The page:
That’s one of the reasons CHON shines for nanotech. If you can arrange the atoms in any way that physics allows with enough control, then you can make almost all of the parts from just these 4 elements. From soft polymers and foams to very hard stuff like diamond. From good insulators to excellent conductors. You can make semi-conductors with a wide range of different band-gaps. Or you can make computing parts based on other principles (mechanical, optical, spintronics, etc). And a bunch of other stuff.

    You may still need trace elements for some specialty applications, but maybe as much as 99% of the mass can be just CHON in various different arrangements. We see something similar in biology: CHON accounts for over 96% of the human body (for example). Then there’s some phosphorus for various stuff, a bunch of calcium in the bones and as charge carriers, a few other elements that are less than 1% each (some other charge carriers and some sulfur), and everything else is less than 1% combined.

    It makes sense to limit the amount of elements used, because that reduces the amount of different machinery needed to build stuff. As it happens, CHON is extremely versatile, and also is 4 of the most common elements.

  2. Sand based thermite might be useful for welding existing iron parts together? I don’t know.
    My last attempt at welding aluminium indicates that I’m very much not an expert on this.

    That’s a good point about aluminium space ships. I’m not concerned about solid Al spaceship walls reacting with dust. You need the Aluminium to be a fine powder before it’ll just go up without a lot more prodding that that.

    Something like: You load your asteroid chunks into the hold. Subsequent movement causes the rocks and gravel to grind against themselves and the walls, producing a mix of SiO2 dust and Al dust. Being vacuum the Al doesn’t produce an oxide layer…. yeah do that multiple times in a mining operation and I can see it going badly wrong at some point.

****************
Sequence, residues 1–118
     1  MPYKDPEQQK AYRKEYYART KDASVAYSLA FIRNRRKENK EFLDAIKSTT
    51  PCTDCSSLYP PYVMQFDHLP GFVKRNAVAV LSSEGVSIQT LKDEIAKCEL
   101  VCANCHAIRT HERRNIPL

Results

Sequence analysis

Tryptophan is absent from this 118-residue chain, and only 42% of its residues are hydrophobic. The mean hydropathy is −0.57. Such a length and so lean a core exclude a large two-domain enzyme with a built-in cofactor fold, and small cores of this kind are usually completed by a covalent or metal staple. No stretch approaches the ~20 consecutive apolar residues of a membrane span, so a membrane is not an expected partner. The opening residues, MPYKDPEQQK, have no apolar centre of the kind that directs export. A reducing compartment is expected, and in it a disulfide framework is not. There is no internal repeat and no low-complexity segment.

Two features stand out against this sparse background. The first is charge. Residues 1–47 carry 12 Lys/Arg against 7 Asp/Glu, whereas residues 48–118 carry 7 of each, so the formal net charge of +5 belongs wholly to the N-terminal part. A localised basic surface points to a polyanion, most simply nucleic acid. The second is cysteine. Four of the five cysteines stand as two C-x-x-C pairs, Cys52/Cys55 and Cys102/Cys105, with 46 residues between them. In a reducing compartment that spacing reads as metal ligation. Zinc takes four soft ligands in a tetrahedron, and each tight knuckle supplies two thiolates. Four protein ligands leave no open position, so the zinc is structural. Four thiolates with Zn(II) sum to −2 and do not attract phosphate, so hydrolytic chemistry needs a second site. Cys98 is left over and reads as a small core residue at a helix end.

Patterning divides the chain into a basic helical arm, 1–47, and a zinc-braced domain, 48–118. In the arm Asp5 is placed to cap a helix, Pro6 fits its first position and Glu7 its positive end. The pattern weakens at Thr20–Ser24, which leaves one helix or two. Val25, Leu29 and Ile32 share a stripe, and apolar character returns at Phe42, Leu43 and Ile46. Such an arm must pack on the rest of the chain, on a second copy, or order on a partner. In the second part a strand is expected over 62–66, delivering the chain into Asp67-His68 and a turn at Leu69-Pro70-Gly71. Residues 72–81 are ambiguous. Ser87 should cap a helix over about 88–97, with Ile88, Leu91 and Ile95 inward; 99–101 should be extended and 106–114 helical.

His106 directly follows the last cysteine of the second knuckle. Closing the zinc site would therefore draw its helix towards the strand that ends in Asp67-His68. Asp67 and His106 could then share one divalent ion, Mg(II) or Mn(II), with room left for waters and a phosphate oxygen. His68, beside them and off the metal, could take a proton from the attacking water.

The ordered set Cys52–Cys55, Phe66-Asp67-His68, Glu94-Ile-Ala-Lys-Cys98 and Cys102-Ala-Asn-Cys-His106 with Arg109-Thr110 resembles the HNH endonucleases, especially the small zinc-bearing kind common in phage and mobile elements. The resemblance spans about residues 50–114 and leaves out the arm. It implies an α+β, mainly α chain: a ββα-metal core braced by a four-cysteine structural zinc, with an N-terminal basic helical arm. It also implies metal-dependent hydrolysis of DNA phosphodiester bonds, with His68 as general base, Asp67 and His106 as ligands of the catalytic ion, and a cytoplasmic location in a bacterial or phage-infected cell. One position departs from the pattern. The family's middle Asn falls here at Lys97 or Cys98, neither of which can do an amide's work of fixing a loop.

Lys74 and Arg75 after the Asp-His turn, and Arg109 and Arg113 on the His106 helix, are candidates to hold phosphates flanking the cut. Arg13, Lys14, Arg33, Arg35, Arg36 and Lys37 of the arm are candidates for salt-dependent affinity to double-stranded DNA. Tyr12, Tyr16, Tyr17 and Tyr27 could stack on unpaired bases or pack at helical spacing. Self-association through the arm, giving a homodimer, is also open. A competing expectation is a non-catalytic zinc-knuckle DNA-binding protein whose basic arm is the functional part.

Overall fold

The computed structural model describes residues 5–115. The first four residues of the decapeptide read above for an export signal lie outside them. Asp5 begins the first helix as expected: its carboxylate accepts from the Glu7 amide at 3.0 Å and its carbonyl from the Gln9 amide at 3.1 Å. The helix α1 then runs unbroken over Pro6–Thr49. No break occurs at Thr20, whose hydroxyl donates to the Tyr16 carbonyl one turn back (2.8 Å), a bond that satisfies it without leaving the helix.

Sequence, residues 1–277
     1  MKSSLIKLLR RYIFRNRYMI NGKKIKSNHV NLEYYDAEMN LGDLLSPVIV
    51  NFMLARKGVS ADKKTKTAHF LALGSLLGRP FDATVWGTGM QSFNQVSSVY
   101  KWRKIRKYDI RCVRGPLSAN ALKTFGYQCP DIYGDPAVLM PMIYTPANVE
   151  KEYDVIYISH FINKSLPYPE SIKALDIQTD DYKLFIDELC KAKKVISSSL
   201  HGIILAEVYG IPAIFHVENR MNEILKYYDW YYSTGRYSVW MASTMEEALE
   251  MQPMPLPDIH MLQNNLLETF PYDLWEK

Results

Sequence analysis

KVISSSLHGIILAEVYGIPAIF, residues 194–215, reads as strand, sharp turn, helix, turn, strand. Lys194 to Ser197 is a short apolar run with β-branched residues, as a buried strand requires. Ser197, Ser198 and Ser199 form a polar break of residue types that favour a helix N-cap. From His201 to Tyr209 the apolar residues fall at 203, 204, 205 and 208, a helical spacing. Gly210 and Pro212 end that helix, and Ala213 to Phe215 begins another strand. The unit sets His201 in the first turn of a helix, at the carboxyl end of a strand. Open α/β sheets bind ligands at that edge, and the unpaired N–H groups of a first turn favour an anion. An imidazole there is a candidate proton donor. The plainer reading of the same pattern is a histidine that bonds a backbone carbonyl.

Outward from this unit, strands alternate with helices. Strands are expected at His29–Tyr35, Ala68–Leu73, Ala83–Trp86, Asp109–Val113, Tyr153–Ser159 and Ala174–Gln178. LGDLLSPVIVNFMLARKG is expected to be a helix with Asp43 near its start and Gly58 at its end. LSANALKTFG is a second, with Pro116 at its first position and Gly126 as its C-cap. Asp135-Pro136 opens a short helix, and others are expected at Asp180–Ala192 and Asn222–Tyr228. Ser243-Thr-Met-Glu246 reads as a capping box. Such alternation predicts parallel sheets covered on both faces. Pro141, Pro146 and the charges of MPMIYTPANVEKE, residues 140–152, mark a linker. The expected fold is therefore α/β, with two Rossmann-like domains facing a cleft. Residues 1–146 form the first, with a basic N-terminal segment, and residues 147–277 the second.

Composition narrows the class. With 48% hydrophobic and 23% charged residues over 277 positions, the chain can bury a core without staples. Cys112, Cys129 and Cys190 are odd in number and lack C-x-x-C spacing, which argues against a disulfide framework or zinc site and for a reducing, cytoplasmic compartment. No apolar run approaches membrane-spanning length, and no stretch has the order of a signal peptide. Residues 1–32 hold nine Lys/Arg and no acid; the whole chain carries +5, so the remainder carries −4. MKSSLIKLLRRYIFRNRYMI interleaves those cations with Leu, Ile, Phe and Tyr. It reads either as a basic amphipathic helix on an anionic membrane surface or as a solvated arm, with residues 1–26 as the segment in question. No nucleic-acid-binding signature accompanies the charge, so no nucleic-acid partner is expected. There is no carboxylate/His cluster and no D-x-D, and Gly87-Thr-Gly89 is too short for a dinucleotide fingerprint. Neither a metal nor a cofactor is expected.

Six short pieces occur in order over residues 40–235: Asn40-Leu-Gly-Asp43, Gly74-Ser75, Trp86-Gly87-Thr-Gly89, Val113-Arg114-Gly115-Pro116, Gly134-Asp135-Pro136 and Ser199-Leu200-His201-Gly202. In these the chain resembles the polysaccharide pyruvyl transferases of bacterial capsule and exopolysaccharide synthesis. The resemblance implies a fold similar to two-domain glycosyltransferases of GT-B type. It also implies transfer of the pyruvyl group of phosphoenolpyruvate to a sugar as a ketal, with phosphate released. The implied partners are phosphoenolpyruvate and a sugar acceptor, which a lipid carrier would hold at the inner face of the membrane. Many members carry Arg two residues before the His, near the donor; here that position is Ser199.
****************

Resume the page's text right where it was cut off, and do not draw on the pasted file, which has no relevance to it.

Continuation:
3. That is a fun fact – but is it useful to your story, if the astronaut wants to make a metal part by casting iron?

    Maybe – you need enough heat to melt relatively pure iron and then let it gravity separate the iron from other reaction products (Al2O3 and Si for the reaction you’re proposing). I guess Al2O3 floats on liquid iron, as would SiO2, so they’d separate?

    I’d expect moon dust to already be fine enough and it is mostly (50%) silicon dioxide. I presume the pure aluminum could be made by grinding up an aluminum spare part in vacuum.

    Hmm – could an aluminum spaceship be a fire hazard? I.e. a mining ship is ready to head home, battered and scratched (exposing unoxidized Al) and covered in SiO2 dust from months of mining. It lights up engines, sparks rebounding from the asteroid surface hit the ship, and it goes up like a torch, at least briefly?

  4. “Actually, as it happens, we ALREADY have a bunch of nanotech swarms roaming the planet and attacking humans as a food source. Which is why I’m stuck at home, in quarantine, and loaded up on antivirals and pain killers.”

    And that’s the other reason why I don’t put much stock in the grey goo scenario. Bacteria has all of the ingredients for self-replication and, while they are prolific, the entire surface of Earth isn’t some desolate microbial mat either.

    Also consider that a complex piece of equipment is never made from just one material. The bulk of the structure, let’s say a 3-d printer, may be steel or aluminum or polyethylene but the inner components are silicon, whatever element they doped the silicon to be a semi-conductor, copper for wiring, rubber for insulation, etc. Nanomachines would be limited by the least plentiful element vital for its operations. All of that silicon dioxide is worthless with some germanium to go with it.